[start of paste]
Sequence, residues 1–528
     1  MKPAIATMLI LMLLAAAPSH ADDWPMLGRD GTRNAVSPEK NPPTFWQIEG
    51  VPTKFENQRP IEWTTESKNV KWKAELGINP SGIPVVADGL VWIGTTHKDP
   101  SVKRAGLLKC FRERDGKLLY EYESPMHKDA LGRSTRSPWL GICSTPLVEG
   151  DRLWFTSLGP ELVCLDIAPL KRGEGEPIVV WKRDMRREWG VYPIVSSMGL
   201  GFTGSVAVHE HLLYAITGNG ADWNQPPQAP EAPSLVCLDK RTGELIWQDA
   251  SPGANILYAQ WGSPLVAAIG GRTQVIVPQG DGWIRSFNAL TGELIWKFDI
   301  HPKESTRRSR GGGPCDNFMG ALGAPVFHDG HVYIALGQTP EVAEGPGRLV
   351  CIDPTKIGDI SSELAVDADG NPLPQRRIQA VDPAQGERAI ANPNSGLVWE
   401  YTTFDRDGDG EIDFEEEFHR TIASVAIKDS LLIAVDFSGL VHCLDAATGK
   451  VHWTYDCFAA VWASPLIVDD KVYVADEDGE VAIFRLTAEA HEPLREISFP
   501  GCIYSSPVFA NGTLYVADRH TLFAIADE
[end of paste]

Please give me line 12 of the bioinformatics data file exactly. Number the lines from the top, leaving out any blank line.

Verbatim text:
   501  GCIYSSPVFA NGTLYVADRH TLFAIADE